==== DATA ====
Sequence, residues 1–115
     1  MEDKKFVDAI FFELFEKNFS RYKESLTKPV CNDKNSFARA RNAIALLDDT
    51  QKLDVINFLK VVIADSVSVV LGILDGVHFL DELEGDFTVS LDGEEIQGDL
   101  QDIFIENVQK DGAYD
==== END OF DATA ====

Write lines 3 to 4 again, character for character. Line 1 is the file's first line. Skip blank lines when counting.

    51  QKLDVINFLK VVIADSVSVV LGILDGVHFL DELEGDFTVS LDGEEIQGDL
   101  QDIFIENVQK DGAYD